Paul Carr: This is an intoxicating ode to an unrequited love, which harks back to the days of the smoky club chanteuse. Molly Burch is plainly torn by her unanswered feelings as she breathlessly wears her pain quite openly on lines like “I wish you would try”. The futility of her crush is laid bare, easily coaxing sympathy from the listener. The guitars ring out crisply giving it a gentle, ’60s feel and, at first, it can come across as a little ordinary and inoffensive. Nevertheless, despite its lounge feel, the gently rolling drums elevate it to sound a bit more unorthodox. The perky and carefree nature of the music belies the despondent theme of the song. [7/10]
Andrew Paschal: Burch’s vocal delivery — smokey, deep, yet also playful and coy — really carries what otherwise might be an unremarkably airy tune. Still, the song is old-fashioned in a self-conscious, Zooey Deschanel kind of way, which brings out the cynic in me. “Try” is certainly enjoyable enough, but it lacks a certain heft and staying power, the whole product ultimately sounding merely incidental. [5/10]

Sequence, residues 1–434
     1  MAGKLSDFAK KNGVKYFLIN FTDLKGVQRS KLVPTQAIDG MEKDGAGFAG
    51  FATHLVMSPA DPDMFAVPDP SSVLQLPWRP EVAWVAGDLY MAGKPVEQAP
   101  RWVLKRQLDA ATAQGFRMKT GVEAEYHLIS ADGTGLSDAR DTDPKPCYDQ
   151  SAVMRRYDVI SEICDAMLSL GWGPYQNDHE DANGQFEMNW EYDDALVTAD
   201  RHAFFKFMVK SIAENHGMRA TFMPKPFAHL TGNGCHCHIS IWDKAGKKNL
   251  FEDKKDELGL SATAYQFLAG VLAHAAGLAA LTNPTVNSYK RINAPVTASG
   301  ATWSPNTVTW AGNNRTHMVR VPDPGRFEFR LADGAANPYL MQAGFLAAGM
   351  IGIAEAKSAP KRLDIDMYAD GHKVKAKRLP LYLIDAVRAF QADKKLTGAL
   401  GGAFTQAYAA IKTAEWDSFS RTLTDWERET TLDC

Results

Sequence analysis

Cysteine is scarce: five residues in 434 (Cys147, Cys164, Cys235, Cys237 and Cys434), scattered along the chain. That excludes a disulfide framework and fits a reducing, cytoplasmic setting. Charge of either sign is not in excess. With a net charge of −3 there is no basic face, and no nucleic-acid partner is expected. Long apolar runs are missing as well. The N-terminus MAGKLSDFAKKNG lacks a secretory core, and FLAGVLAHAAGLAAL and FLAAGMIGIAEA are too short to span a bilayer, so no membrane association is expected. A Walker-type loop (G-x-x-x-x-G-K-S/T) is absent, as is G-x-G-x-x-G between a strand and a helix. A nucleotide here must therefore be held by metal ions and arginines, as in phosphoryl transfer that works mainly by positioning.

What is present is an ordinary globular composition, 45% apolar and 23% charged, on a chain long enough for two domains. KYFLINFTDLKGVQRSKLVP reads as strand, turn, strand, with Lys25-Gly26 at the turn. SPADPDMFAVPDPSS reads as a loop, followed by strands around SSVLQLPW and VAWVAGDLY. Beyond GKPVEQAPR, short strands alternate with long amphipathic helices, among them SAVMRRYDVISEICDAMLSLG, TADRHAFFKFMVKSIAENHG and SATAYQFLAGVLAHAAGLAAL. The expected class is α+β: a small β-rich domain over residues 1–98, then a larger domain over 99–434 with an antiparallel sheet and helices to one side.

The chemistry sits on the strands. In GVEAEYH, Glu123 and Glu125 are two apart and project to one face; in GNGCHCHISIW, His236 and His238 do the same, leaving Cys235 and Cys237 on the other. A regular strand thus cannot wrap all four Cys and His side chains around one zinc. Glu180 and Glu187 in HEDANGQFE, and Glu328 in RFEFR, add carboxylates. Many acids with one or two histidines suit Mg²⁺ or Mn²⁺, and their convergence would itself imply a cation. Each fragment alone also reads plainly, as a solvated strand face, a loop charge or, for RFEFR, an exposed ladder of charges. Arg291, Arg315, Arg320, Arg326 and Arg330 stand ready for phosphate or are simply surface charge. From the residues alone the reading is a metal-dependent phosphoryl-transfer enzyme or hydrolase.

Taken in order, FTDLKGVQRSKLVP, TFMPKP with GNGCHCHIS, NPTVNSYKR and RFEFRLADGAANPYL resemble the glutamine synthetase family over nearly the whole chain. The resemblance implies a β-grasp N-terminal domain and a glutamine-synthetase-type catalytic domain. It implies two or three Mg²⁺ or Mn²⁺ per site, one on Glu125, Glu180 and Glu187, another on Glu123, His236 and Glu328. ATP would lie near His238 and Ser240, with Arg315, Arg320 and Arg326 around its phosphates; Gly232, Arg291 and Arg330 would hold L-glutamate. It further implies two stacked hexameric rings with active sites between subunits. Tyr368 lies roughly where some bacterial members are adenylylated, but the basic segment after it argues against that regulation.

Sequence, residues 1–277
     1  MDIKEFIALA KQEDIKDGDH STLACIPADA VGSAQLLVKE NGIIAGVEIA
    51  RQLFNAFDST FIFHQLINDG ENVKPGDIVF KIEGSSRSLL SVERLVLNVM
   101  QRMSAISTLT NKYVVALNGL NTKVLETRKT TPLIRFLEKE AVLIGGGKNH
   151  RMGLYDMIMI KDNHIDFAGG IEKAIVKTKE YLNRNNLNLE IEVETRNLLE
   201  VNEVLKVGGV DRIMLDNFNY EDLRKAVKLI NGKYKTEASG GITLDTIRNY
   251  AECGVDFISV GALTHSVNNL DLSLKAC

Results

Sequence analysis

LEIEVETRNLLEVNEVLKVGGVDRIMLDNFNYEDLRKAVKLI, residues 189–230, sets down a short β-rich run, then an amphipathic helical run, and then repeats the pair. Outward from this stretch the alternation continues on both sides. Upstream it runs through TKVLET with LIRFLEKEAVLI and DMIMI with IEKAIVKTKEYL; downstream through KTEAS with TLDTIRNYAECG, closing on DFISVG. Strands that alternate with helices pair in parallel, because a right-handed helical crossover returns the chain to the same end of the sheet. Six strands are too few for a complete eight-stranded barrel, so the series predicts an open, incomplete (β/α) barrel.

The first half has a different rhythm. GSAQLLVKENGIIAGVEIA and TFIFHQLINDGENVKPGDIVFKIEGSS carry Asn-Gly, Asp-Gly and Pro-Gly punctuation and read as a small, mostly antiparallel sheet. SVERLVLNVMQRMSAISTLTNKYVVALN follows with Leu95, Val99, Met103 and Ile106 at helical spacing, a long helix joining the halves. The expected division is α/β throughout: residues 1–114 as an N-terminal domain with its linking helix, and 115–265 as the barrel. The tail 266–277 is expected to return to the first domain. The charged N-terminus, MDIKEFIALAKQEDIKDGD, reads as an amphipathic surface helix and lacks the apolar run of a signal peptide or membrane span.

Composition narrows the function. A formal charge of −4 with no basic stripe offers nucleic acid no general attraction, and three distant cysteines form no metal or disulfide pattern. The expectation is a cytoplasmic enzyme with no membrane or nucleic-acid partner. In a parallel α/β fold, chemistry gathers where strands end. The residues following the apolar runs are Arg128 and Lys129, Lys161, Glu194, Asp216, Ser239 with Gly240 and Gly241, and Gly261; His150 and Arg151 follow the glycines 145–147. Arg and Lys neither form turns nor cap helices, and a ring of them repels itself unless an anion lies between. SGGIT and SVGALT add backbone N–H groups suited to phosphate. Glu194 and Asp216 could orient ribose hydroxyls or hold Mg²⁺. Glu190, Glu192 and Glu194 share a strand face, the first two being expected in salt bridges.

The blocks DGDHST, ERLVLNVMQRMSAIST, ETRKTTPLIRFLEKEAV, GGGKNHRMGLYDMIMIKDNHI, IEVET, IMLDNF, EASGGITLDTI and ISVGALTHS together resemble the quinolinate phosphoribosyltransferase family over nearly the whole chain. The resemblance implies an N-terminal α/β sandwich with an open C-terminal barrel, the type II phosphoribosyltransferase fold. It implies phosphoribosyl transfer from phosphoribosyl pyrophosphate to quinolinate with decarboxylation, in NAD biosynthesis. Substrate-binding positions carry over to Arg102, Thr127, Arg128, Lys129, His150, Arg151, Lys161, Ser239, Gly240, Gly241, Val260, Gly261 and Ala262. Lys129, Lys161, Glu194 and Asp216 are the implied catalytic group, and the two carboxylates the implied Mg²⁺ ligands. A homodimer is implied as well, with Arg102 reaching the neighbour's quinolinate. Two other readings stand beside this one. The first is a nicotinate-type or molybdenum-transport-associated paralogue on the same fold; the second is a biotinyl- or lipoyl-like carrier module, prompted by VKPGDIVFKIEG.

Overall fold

Adriane Pontecorvo: Her unpolished voice gives a vintage vibe to Molly Burch’s “Try”, an easy song that sounds like a deliciously cheap motel waiting room. Burch has the Mojave desert in her heart, and this track is all open space, long highways, and warm breezes. The high chintz factor means this is going to be a miss for some, but overall, this is a pleasant and beautifully forlorn twist on a lounge tune, rich with atmosphere and sincere sentiment. [6/10]
Chris Ingalls: The arrangement really makes the song — the cavernous echo and surf guitar leads give the tune a throwback feel. But it’s no gimmick — Burch has crafted a beautiful song with resonance and emotional depth that conjures up the image of an indie icon belting out a torch song in a dingy club. And that’s all good stuff. [7/10]
Molly Burch‘s debut album, Please Be Mine, releases 17 February via Captured Tracks.